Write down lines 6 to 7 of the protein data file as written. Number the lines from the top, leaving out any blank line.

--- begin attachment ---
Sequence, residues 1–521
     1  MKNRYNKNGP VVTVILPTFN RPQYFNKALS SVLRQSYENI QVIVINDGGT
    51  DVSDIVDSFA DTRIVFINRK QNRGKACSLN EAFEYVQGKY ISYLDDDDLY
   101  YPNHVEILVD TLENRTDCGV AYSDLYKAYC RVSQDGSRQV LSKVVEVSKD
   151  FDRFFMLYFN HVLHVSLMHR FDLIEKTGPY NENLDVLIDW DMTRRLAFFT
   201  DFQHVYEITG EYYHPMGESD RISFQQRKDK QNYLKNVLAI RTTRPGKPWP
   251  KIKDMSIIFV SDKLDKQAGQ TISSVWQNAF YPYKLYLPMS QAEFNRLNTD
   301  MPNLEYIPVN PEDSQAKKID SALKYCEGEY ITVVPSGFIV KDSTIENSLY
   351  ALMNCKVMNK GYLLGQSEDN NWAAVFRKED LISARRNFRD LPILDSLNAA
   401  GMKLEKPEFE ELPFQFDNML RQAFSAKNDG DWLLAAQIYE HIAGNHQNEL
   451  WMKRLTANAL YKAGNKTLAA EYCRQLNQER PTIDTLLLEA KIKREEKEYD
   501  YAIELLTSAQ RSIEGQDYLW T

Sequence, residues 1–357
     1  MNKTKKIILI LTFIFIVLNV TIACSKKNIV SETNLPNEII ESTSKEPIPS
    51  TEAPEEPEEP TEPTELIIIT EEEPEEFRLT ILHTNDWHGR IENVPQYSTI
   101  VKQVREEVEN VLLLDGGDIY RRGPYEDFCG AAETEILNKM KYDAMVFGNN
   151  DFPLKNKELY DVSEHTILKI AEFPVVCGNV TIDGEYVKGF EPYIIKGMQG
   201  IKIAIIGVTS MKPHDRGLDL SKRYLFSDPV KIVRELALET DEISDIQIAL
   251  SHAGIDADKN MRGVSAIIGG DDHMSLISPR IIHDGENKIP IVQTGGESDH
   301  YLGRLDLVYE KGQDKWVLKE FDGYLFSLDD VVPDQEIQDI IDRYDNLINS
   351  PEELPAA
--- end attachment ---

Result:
   201  DFQHVYEITG EYYHPMGESD RISFQQRKDK QNYLKNVLAI RTTRPGKPWP
   251  KIKDMSIIFV SDKLDKQAGQ TISSVWQNAF YPYKLYLPMS QAEFNRLNTD